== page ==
3. Once the isomalt is boiling, remove the isomalt from heat. Isomalt will be very bubbly.
4. Hold the small pot off of the heat until the bubbles settle down. 
5.  Once the bubbles have settled down, place the pot back down on the burner and stir in the water, a little at a time. Steam will aggressively come off of the sugar as the water is now cooling it down. Isomalt will still be very bubbly.
6. Reduce the amount of air bubbles in the hot isomalt by placing it in the oven at 265F for 10 minutes. If you skip this step, the bubbles will stay in the isomalt and will harden like the cookies on the left in the above picture.
7. After 10 minutes, carefully remove pot of isomalt from oven and use the isomalt while it is still hot. If the isomalt starts to thicken, place it back in the oven for 2 - 3 minutes until it liquefies again

How do I make these cookies with isomalt? You will need your favourite sugar cookie or shortbread cookie recipe (i.e., a cookie that does not spread much in the oven), liquid isomalt, royal icing, and your favourite sprinkles.

Follow your recipe's instructions to prepare the cookie dough. After you have rolled out your cookies and cut them into the desired shape and then cut a hole where you want the isomalt to fill. Bake the cookies according to recipe.

Allow the cookies to cool on the baking sheet as you prepare the isomalt according to instructions above.

Once the isomalt is ready to be used, carefully pour the isomalt into the hole of the baked cookie. Allow the isomalt to cool undisturbed for at least 20 minutes, until it has completely set.

*Note: to make one sprinkle-filled cookie, you will need 3 cookie cut-outs. Two of the cookie cut-outs will be filled with isomalt. These two filled cookies will be on the outside your assembled stacked cookie. The order you stack them should be: isomalt-filled cookie, hollow cookie, isomalt-filled cookie. The purpose of the hollow cookie in the centre is to add extra height to the stacked cookie, which then allow the sprinkles to move freely.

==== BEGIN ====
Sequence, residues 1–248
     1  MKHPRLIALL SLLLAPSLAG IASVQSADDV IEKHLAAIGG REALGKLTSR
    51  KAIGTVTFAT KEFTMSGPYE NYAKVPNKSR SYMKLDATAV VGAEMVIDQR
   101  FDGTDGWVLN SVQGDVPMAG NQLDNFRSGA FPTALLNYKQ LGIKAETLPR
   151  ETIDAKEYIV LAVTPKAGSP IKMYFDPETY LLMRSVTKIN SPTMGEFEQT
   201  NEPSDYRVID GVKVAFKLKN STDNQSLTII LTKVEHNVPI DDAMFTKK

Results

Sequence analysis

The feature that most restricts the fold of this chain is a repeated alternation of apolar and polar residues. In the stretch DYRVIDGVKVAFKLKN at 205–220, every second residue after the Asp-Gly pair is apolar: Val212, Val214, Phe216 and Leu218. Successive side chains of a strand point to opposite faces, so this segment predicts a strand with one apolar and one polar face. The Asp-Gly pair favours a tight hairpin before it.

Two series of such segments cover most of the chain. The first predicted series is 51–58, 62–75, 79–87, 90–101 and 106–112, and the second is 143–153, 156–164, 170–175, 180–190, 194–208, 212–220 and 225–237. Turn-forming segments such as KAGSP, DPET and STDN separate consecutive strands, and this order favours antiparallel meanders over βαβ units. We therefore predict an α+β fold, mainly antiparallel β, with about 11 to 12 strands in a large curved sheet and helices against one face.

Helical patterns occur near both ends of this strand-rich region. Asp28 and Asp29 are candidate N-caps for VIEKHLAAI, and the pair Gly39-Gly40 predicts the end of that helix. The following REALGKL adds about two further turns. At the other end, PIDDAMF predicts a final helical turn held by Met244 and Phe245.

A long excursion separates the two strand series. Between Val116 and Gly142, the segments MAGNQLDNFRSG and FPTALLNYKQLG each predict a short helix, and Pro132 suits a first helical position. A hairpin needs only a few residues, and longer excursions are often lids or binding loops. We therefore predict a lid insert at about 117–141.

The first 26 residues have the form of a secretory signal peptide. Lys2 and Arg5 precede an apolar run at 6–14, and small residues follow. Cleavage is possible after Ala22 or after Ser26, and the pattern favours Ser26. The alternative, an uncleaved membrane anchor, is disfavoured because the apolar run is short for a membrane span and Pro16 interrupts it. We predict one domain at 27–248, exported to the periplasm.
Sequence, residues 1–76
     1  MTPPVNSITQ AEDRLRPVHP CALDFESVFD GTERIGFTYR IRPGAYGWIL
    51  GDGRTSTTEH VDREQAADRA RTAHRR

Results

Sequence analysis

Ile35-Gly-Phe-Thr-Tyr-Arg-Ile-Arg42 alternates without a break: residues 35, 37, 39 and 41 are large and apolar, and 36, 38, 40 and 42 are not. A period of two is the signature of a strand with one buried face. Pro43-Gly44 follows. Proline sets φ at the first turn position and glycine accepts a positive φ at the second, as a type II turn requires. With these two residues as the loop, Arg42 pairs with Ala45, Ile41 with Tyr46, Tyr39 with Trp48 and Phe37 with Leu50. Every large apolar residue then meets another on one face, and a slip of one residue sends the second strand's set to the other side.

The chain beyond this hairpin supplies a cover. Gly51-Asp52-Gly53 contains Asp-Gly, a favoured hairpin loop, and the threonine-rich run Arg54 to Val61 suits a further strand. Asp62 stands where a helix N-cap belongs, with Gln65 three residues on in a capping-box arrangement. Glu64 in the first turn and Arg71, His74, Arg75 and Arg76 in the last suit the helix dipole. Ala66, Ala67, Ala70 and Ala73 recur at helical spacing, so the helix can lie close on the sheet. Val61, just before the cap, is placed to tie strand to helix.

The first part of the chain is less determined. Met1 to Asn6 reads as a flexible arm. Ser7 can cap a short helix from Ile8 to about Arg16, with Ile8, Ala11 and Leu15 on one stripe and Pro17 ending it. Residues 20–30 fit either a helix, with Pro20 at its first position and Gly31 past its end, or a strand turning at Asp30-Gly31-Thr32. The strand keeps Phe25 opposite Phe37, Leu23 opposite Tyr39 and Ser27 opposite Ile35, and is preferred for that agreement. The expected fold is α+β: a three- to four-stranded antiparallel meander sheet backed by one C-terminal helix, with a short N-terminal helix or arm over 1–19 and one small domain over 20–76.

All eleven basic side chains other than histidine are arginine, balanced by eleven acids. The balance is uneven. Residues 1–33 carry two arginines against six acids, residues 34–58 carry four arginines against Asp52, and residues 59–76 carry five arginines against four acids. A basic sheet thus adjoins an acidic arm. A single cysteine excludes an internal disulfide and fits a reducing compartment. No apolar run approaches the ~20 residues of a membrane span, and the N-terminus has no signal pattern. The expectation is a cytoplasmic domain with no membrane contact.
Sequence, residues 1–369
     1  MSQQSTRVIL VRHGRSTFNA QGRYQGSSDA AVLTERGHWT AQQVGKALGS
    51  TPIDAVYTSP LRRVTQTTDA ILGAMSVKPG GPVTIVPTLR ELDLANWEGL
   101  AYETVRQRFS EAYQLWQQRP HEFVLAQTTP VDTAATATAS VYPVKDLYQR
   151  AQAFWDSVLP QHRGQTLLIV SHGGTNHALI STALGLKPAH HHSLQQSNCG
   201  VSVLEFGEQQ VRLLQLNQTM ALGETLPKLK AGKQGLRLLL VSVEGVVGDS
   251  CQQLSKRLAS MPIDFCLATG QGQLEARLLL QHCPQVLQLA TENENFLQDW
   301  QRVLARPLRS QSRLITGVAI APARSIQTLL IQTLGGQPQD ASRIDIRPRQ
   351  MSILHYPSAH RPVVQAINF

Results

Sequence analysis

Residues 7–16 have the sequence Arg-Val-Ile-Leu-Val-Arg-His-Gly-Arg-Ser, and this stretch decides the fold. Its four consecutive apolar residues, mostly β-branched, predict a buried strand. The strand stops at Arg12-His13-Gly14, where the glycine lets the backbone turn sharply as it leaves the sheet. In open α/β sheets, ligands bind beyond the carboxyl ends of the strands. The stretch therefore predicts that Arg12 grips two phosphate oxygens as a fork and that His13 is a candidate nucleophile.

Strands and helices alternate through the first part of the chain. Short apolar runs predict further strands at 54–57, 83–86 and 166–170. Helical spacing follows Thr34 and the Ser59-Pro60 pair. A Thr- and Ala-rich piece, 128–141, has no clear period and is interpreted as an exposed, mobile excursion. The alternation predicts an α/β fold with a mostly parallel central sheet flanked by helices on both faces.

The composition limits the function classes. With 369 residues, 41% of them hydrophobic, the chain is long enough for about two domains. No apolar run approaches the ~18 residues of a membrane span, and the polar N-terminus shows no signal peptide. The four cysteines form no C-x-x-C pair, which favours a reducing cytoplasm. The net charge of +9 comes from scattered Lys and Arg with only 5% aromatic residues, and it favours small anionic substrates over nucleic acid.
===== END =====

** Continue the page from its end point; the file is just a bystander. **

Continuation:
Once the isomalt has set, place one isomalt-filled cookie down. Apply royal icing to the edges of the cookie, being cautious to not get any icing on the 'glass.' Stack the hollow cookie before the royal icing dries. Fill your cookie with sprinkles of choice. Attach last isomalt-filled cookie with royal icing to 'seal' the cookie.

Shake, shake, shake!

I cannot wait to make different varieties of these isomalt sprinkle cookies for other holidays. Perhaps heart-shaped cookies for Valentine's Day, confetti-filled Easter egg cookies in the spring, and of course snow globe cookies for next Christmas. I saw the cutest flamingo sprinkles at my craft store the other day and I am tempted to make a little swimming pool cookies filled with flamingo sprinkles and blue sanding sugar. You can also make your own filling or sprinkles for these cookies. I made these little soot sprite 'sprinkles' inside my Totoro cookies by cutting out circles of black fondant with the opening of a piping tip and attaching smaller white balls of fondant for the eyes. It was quite time-consuming but I love how they turned out.

Happy baking and happy new year!


  1. These are amazing, that’s cookie dedication right there!

  2. These are very cute, but be careful using isomalt as such a large component in your desserts! Eating too much causes intestinal distress, which is why it's mainly used sparingly for decorative elements.

  3. Oh my goodness these are literally amazing!

  4. Thanks for sharing the recipe! How to make that Susuwatari inside the cookie?

  5. Where did you get your totoro cookie cutter?? I cant find one that has that shape like yours. And if you made it, do you have instructions on how to make it?

  6. Love, love love these! You are very talented! Keep up the good work and thanks for sharing. 😍🍪💜💞💝



© Constellation Inspiration.